The Salmo Watershed Streamkeepers Society would like to extend gratitude and congratulations for a huge project successfully coordinated and completed by our long-time coordinator, Gerry Nellestijn.

“We would like to pass on our gratitude to Gerry for getting the eroding river bank north of us, under control, with some very professional diking. Multiple emails and phone calls to various government officials resulted in endless buck passing, and going around in circles, with no one willing to help. The river had been shifting towards the Village of Salmo for the last 5 years. Gerry was the ONLY person who cut through the endless red tape and helped out our neighbours.”  Jackie and Mike Hutton

Combining Natures’ Needs with Community Needs.

Please support our important work!

You’re invited to the SWSS 20th Anniversary Fundraiser Celebration

The Salmo Watershed Streamkeepers Society is celebrating their 20th Anniversary on April 21, 2018, from 5:00-9:00 pm at the Salmo Secondary School.
Please Come Join our celebration fundraiser with a silent auction, delicious DINNER, guest speakers and entertainment.  Invitation Attached.
Enjoy an evening of sharing with Corky Evans as keynote speaker who will speak about forestry, Lisa Pavelich, SWSS’s first summer student checks in, and Gerry Nellestijn will present SWSS’s 20 year highlights, leading to a Dreamscape presentation of what could be possible for The Place Where We Live.
The evenings entertainment will be provided by a rare appearance from the Salmo(n) River Dancers and the Salmo(n) River Singers.
Tickets can be purchased online with PayPal at, available by “Will Call” at the celebration entrance with receipt. Also available at The Goods Ymir General Store and Skyway Hardware, Salmo.
Please share this email with those people who would like to come to our celebration and help Imagine Salmon returning home to the Salmo River.

Imagine . . . Salmon

George Wilson and Gerry Nellestijn standing behind life-size wooden Salmon.

Can you imagine Salmon in the Salmo River? Historically our local River was called the Salmon River and was dominated by Salmon. Our Salmon started life in the Salmo(n) River and tributaries before starting an over 1000 km migration to the ocean. For one to four years they would reap the benefits of oceanic nutrients before returning to their birth streams of Sheep Creek, Clearwater Creek, the upper Salmo River, the South Salmo River, to spawn, die; and to begin the cycle again. The land and all the life around the river benefitted directly and indirectly from the nutrients that Salmon offered.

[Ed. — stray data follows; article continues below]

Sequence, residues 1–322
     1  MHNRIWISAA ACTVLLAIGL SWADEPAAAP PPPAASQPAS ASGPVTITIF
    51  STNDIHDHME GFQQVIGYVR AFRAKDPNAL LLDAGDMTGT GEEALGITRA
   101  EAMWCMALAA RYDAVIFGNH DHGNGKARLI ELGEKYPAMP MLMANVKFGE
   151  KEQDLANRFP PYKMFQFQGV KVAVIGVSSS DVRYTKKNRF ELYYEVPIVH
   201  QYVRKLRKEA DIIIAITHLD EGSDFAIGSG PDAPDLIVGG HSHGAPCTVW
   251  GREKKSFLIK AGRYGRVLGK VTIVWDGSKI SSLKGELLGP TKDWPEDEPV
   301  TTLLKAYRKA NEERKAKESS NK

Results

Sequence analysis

Twice a year First Nations and US Tribes met on the lower Salmo(n) River to harvest over 70,000 lbs of Chinook, Sockeye, Coho, and Steelhead. Salmon were key in First Nations economy, culture, and spiritual ways of life.

In 1939, Salmon passage to the Salmo(n) River was blocked with the building of the Grand Coulee Dam on the Columbia River, 200 km south of the Canadian / US border. The loss of Salmon in our watershed did not go unnoticed. The land and its people have lived with this loss for over 75 years. Yet hope remains.

Imagine Salmon.

Imagine Salmon returning to a land that has longed for their return for over 75 years. Imagine the colour of the Salmo(n) River changing from blue to red. Imagine the overflow of nutrients benefitting our forests, our wildlife and ourselves. If we can imagine, we can make it happen.

The Salmo Watershed Streamkeepers Society (SWSS) Imagine Salmon Campaign focuses on increasing awareness, public involvement, and political advocacy. Last summer we put up several signs throughout Salmo and are looking to expand awareness initiatives to Ymir and throughout our watershed. An associated mural next to the post office can be viewed from the alley as well. Other involved individuals, like George Wilson (pictured with Gerry Nellestijn), are cutting out wooden Salmon that may be painted by students and installed in various locations to produce three-dimensional “Salmon River Scenes”.

SWSS has also created an Imagine Salmon presentation regarding Salmon and the Columbia River Treaty (CRT), which we brought to Nakusp in early December. The Valley Voice published a related article in their December 14, 2017 issue that can be viewed online. In the spring of 2017 the presentation was given at the Salmo Community Centre and now we are looking forward to presenting at the Capitol Theatre in Nelson in 2018. Stay tuned for the date!

With each year our imagination and our collective ability to initiate change grows.

If you would like to help cut out Salmon (must have a jigsaw tool) or have interest in displaying a “Salmon River Scene” on your property, please contact us via Facebook or phone (250-357-2630). Learn more about SWSS on our website,

SWSS Celebrates BC Rivers Day 2017 in Trail, BC

Salmo Watershed Streamkeepers Society brought its “What is a Watershed” Program to the City of Trail on September 24, 2017 in honour of BC Rivers Day. Participants learned about Water Quality and Quantity, and how aquatic macro-invertebrates (bugs) can give an indication of system health.  The SWSS thanks Teck Metals Ltd. for their Program delivery support.